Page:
The health of your customer experience is vital for the health of virtually any business. But discussing it with senior executives can be a daunting topic for many of the mid- to senior-level leaders with whom I’ve talked. There may not be publicly filed financial reports or flashy ad campaigns to present. But believe me, this is one conversation worth having – no matter how difficult it might seem.
How else will you ensure that you and the executive you report to are on the same page regarding the role customer experience plays in your company’s strategy? Or how execution on your target experience shows up in your organizations business performance? It’s not enough to simply agree that happy customers are good for business. Your senior executives must:
- See the direct link between your customer experience and your financial performance
- Share a definition of customer experience that sets direction for your firm
- Support a champion inside the organization who’s responsible for customer experience strategy (you!)
- Install a process and metrics that demonstrate whether customer experience efforts are effective and adding value
- Build a culture that values customers
So, how do you go about holding a conversation with the executive you report up through? As you set out to earn support, or for your first step or your next step toward strengthening your company’s customer experience, here are a few steps to help you prepare:
In February, I wrote a post that triggered a bit of a debate. I posed the question, "Exceeding expectations or solving customer problems: What's more important?" You may have seen it here, on Customer Experience for Profit, or over at CustomerThink where my blog is in syndication.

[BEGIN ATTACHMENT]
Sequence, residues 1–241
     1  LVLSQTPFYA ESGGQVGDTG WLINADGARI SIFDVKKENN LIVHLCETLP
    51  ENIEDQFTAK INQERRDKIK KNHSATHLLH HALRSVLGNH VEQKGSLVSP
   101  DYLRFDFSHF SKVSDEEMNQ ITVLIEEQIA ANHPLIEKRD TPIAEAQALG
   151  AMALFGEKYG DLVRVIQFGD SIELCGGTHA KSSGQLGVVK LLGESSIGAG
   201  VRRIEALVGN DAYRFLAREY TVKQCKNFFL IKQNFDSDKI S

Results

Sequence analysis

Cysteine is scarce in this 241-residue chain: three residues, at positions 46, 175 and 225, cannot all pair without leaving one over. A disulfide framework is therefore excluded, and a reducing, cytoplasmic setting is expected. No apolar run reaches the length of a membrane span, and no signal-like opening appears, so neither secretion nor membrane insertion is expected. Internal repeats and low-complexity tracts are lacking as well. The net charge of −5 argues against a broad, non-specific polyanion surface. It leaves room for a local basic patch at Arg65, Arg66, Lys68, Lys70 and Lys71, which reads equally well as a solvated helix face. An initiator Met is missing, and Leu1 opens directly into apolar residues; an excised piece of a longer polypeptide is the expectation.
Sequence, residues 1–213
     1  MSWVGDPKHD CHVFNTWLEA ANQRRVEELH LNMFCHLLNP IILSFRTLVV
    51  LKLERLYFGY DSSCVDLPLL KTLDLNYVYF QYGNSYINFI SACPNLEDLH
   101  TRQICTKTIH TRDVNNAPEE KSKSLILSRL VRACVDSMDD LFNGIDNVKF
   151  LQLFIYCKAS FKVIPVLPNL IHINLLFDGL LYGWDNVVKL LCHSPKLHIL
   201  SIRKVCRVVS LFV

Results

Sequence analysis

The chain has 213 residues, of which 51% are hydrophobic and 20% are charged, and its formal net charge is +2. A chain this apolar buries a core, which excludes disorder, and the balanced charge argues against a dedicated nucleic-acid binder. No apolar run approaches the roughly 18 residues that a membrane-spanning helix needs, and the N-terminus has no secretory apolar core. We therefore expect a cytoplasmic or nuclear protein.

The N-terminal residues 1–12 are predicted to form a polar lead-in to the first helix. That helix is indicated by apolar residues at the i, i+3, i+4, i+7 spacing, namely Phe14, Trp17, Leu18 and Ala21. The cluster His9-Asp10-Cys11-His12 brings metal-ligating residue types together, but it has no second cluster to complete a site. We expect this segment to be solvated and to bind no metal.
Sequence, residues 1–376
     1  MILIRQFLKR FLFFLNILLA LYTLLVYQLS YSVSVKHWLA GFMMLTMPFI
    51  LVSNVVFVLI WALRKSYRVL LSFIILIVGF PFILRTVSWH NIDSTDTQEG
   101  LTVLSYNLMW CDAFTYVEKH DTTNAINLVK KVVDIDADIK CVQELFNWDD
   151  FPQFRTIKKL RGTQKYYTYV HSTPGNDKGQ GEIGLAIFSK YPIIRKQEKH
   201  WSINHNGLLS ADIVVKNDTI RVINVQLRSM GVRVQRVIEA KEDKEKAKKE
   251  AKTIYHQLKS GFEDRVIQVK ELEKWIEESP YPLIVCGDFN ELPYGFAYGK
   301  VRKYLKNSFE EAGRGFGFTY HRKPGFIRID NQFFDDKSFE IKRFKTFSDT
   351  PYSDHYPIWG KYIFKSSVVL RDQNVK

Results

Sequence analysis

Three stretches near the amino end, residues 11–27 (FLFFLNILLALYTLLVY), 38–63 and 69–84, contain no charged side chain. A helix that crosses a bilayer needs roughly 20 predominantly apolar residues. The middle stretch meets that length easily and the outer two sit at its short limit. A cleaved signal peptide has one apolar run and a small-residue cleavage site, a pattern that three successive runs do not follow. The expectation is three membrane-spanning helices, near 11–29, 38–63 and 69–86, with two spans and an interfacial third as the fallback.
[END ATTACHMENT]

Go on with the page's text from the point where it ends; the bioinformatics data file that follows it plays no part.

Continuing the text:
The post was inspired by a Forbes article by Robert Passikoff of Brand Keys entitled, "The Final Frontier: Customer Expectations." My post received more than a dozen comments from customer experience and brand thought leaders Robert Passikoff, Bob Thompson, Hank Barnes, Ian Williams, Maz Iqbal, Joseph Michelli and David Jacques. Comment after comment we see that both are important. And I shared a belief drawn from many years of work at Aveus: a need must be solved before a delightful surprise translates to meaningful value.
Last week I caught up with Stan Phelps via Skype to continue the conversation. Stan crowd sourced 1001 examples of brands that deliver something unexpected, and created What's Your Purple Goldfish?, so no surprise - we had many ideas to exchange. Here is Part One of our discussion:
In case you missed it, Larry Downes wrote a Forbes article in January titled, “Why Best Buy Is Going Out of Business…Gradually.” He caused quite a stir.
I have seen quite a bit of conversation and research of late regarding the need for, or fast growing presence of C-level leaders accountable for customer experience strategy and objectives. I’m guessing many of you have as well.
This week we look at perceptions about customer experience held by different leadership levels of the organization. You've heard about the digital gap. The income gap. The political gap. Is this the leadership-customer-focus gap?
Post number 3 in our new stat of the week series. Some really great discussions triggered here and on twitter. Join us! Here's this week's stat: Just 43% of leaders in wholesale companies say there is a definition of customer experience that's well understood definition across their organizations. This industry group is the only one in our study that holds a higher proportion of organizations that don't have a well understood customer experience than those that do.